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Stealth Mode by David Knapp

Fish are naturally wary of predators, even in a setting without any human presence. False cast over a riser and you will quickly understand why stealth is so important. Some fish are much more forgiving than others, but these tend to be the smaller fish. Big fish have grown large for a reason. Even the small fish tend to be skittish if you get careless wading.

Many people fish in the Smokies and come away wondering why they didn’t catch many fish. One of the easiest problems to correct is when people aren’t being stealthy enough. When in doubt, be sneakier.

On a recent fishing trip to the mountains, I watched as my cousin worked his way upstream and was impressed with how sneaky he was being. Only fly fishing occasionally, he knew from experience in other methods of fishing that a major key to success was to make sure the fish did not see him. He was fishing just like any seasoned Smokies regular, crouching behind all the right rocks and ducking low when approaching a flat run.

Over the course of the day we both did well and I got an idea. Putting the plan into action, we both took pictures demonstrating good stealth techniques. Here are three that we took and an explanation of why they improve the odds of catching fish.    

David Fishing 
In this picture, I am working a nice run beside a big boulder. The double nymph rig means that I don’t have to see the flies as you generally do with dry flies. Instead of poking my head too far around the rock and spooking the fish, I’m staying behind the big boulder and feeling the flies with the rod tip. Also, I can see around the rock enough to watch the end of my line which serves as a good indicator. While the visual aspect of dry fly fishing is its main appeal, you can also use this technique with dries. Simply keep the line tight between you and the fly. You don’t have to see the fly to feel the strike. Every year I catch several trout this way. If the fish spooks when you show your face, try hiding behind a rock. 
Angler kneeling to fish 
The approach in this picture is quite obvious. Here the angler is approaching a big back eddy in plunge pool and using a rock as cover so he does not spook the fish. Remember that trout generally face into the current. Almost every eddy of any size in a Smokies stream will have a fish sitting in the back facing downstream into the current. Walking right up to the pool from downstream will cause those fish to spook. Once you spook a couple of fish in a pool, there’s a good chance that they spooked the rest as well.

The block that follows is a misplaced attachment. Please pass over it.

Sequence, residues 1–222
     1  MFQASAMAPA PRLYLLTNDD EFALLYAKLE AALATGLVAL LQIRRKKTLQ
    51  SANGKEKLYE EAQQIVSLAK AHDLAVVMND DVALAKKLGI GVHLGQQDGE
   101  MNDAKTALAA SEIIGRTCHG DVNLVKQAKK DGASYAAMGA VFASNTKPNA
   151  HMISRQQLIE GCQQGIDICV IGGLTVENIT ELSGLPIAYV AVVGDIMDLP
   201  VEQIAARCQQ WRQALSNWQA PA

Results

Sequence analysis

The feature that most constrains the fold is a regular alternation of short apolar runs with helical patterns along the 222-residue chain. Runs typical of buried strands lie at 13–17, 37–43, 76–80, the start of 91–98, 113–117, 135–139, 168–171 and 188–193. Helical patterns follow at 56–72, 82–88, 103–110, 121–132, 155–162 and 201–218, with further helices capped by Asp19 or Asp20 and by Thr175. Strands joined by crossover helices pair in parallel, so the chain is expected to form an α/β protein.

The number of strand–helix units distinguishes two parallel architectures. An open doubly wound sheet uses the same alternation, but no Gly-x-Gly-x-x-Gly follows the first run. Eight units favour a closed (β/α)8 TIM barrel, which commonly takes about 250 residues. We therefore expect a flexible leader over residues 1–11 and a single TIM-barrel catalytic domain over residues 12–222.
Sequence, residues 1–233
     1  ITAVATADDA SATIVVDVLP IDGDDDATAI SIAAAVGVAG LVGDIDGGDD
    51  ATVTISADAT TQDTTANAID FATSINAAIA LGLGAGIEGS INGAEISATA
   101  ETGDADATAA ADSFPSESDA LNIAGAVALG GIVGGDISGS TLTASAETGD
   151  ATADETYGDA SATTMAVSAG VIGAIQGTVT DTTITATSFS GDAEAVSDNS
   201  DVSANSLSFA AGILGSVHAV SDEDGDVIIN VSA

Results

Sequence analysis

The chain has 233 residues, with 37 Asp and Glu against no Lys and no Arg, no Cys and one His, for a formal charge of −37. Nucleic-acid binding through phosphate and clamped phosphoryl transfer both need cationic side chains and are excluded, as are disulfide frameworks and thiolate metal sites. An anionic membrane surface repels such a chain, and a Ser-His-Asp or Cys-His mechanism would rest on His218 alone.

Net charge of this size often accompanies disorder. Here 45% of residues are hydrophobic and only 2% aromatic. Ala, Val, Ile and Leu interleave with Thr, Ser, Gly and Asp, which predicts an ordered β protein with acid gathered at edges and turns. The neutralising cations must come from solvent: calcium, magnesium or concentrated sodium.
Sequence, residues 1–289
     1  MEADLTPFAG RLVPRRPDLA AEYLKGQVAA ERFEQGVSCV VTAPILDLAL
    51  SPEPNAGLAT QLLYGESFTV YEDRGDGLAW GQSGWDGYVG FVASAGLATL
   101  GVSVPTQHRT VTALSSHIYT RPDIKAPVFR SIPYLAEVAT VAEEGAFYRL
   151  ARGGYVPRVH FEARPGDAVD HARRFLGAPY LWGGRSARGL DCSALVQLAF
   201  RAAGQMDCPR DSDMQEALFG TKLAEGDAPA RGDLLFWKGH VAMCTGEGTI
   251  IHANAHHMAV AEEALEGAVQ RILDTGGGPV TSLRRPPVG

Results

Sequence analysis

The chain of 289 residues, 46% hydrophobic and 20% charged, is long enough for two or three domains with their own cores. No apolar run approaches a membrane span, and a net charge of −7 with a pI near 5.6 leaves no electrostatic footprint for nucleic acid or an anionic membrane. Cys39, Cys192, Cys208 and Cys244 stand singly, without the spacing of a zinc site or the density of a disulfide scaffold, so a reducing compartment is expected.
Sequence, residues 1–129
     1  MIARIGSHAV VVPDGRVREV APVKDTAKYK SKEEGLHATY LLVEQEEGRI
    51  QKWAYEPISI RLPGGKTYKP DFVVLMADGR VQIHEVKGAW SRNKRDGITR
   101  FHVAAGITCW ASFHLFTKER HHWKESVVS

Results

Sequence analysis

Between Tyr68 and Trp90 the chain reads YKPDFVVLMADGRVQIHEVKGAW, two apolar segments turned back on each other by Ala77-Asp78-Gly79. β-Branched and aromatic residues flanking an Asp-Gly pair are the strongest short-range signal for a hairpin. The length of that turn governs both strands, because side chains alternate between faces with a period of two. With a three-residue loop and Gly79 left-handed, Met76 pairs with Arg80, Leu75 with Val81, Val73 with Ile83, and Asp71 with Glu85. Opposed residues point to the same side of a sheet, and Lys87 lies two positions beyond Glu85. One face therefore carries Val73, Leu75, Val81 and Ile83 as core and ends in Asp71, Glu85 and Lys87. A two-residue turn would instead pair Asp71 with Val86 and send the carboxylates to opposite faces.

Fishing a riffle and run 
The last picture can be confusing. The angler is wading right up the middle of a quality run and probably scaring lots of fish, right? Not necessarily, and in fact he caught a fish right after the photograph was taken. Fish will hold in different parts of a good run. If you remember that fish are normally going to be facing upstream in this type of run, you can approach from directly downstream and get quite close. In mountain streams, the turbulence of the water makes it harder for fish to see and sense your presence. This allows you to cast from nearly on top of the fish. As long as you move up from directly behind the fish, they won’t know you are there until you hook them. Once you adequately cover the back of the run from below, you can move up into the lower end of the run itself to fish the head. Fish will often hold just to one side of the main current but will feed right in the current itself as well.

Remembering to stay sneaky will boost your catch rate in the Smokies. Part of being sneaky is to not stand out so leave the bright clothing at home. Some anglers even prefer to wear camouflage when fishing the park. The ability to be sneaky also means being a proficient caster. Better casters can maintain more distance from the fish while still presenting the fly in a natural manner. Finally, the best thing about being stealthy is that it will translate to success anywhere you fish.

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